Noisy trains one problem we don't have
In case you haven't noticed, some McCook residents take particular joy in complaining about the community.
In a way, it's good they do; if people don't speak out about injustice, waste or other shortcomings, nothing will be done.
But when we do complain, we should take time to count our blessings as well.
Those of us who have lived in other towns, or who read about conflicts or problems elsewhere know we have plenty of blessings to count.
A story from today's Omaha World Herald details problems other Nebraska cities are having with one of McCook's strongest assets.
While we enjoy the benefits of being home to a major employer like the BNSF Railroad, towns like Ralston, York, Blair and Grand Island are grappling with the problem of the noise of passing trains.
Although the tracks have been there longer than any of the homes, owners of some properties are now complaining about the rumble of the wheels and the blaring of horns by the engineers. And, it's not a good selling point for the homeowner when it's time to move.
Ralston is considering building a "quiet zone" that may include medians, one-way streets and a four-quadrant gate system to prevent motorists from driving around the gates. Like any improvement, however, it will be expensive -- about $100,000, according to the mayor.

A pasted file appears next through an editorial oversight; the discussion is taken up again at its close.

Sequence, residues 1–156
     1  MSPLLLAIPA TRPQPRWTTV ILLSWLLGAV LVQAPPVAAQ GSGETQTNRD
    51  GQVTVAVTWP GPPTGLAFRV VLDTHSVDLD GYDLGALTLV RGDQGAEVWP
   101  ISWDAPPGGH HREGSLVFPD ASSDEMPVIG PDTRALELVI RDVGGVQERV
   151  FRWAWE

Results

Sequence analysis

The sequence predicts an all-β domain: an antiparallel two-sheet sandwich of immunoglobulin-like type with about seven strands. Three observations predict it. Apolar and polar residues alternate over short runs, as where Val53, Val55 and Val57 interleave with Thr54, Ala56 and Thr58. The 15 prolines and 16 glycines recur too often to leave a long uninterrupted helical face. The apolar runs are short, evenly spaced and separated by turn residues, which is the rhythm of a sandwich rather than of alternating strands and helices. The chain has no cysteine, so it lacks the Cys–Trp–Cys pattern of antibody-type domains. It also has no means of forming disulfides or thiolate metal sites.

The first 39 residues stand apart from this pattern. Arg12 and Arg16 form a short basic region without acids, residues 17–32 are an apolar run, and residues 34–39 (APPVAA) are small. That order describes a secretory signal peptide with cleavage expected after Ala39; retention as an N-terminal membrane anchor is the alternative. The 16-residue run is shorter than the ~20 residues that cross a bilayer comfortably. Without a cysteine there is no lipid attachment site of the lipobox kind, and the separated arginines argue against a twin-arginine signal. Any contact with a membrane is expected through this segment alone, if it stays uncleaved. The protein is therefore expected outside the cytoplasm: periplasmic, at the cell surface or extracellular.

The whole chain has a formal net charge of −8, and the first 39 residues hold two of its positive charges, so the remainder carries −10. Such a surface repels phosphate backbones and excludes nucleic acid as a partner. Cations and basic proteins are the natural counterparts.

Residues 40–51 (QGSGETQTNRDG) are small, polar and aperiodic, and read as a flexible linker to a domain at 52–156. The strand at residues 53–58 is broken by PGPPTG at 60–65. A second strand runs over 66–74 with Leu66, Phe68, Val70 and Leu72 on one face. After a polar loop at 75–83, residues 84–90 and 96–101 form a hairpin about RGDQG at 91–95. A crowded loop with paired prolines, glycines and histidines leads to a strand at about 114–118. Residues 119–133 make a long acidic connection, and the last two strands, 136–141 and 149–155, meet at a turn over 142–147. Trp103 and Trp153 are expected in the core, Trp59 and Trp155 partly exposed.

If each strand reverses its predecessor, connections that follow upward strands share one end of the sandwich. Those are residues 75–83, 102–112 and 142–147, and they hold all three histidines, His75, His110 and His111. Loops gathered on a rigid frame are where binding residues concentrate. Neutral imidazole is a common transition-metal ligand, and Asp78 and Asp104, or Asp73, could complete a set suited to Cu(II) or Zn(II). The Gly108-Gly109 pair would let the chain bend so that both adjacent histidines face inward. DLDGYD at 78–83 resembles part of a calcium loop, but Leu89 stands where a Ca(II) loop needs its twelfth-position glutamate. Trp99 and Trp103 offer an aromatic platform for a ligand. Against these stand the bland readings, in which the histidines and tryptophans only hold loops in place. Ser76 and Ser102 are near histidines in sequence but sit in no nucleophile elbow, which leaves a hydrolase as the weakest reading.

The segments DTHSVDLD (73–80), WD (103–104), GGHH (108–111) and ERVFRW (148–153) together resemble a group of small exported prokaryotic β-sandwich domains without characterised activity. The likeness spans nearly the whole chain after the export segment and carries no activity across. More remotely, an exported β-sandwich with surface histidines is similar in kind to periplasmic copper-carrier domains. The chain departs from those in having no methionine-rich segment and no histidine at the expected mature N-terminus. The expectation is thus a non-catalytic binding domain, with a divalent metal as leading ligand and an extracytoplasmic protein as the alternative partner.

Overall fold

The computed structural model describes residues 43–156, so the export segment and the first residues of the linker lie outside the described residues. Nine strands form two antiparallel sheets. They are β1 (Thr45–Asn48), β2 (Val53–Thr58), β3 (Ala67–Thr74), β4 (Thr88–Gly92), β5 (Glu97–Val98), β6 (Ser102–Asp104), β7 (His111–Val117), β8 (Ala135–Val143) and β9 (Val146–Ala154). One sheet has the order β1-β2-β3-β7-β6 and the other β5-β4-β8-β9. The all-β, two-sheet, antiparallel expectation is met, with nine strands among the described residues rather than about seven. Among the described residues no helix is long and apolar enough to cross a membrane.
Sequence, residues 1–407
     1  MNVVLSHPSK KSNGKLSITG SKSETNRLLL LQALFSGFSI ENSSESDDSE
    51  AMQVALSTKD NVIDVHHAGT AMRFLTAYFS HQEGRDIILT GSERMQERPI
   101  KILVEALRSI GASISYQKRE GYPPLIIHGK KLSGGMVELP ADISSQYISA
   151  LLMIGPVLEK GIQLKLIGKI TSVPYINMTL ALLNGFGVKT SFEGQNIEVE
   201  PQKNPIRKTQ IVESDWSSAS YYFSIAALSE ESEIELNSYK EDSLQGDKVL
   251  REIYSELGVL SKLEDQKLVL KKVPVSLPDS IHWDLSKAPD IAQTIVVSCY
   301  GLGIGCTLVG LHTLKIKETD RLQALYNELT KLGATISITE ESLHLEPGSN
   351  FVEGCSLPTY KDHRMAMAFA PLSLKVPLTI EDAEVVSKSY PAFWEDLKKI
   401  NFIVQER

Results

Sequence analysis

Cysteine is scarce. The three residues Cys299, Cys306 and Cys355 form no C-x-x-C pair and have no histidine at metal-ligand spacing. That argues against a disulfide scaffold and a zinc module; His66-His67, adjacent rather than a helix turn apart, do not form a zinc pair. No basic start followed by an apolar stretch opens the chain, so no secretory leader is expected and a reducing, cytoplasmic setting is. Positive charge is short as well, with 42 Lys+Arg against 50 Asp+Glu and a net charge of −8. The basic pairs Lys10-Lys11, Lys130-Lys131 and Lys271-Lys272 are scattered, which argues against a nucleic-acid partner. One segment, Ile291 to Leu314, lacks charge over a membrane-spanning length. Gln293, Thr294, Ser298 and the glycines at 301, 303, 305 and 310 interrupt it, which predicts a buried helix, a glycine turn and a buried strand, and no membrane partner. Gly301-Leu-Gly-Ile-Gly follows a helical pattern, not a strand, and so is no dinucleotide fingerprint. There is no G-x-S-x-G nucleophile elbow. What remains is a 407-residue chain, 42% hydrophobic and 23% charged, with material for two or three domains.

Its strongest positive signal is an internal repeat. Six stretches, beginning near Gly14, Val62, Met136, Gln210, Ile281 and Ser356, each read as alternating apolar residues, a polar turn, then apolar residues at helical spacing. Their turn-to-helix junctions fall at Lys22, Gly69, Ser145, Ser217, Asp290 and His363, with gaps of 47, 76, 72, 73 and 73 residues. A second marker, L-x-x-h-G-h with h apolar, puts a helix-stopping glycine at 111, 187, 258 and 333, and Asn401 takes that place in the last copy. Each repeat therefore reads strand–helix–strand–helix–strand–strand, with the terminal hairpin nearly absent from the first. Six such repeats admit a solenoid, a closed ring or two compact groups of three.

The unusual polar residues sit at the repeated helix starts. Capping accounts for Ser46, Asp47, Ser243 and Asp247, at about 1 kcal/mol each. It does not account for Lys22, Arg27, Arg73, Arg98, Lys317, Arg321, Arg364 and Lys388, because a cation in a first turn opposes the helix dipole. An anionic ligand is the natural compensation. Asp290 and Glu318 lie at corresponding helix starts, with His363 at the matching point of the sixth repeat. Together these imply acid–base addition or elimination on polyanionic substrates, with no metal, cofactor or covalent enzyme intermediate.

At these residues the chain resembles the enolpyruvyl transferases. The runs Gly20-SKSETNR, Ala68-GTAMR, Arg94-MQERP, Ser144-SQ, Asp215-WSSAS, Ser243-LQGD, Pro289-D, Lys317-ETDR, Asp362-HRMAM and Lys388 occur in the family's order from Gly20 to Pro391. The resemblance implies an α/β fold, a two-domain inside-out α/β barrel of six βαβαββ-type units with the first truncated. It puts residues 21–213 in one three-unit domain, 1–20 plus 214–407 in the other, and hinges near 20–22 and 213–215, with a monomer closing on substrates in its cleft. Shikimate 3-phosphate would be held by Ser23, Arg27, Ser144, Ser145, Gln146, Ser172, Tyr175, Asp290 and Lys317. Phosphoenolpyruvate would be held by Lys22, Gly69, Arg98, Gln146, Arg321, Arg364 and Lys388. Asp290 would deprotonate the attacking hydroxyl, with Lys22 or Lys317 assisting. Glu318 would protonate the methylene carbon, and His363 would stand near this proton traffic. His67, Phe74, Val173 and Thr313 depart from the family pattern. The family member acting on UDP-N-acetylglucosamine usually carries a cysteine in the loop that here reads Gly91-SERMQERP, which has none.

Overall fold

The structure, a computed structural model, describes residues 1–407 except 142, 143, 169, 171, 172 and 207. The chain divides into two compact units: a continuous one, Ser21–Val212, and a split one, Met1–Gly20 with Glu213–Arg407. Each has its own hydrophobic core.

It's not just the BNSF, of course, communities like Kearney, along the Union Pacific, have struggled with the problems of noise and busy ground-level problems for years.
McCook has no such problems. The sounding of a train horn is rare, and since crews change in McCook, speed is not a problem.
Besides, there are no ground-level crossings in McCook; thanks to the U.S. 83 viaduct and the Federal Avenue underpass.
Yes, the railroad's leaky diesel tanks did pollute part of the land in our community and that proved costly when it came time to build our new water system.
But overall, the railroad has certainly been good to McCook.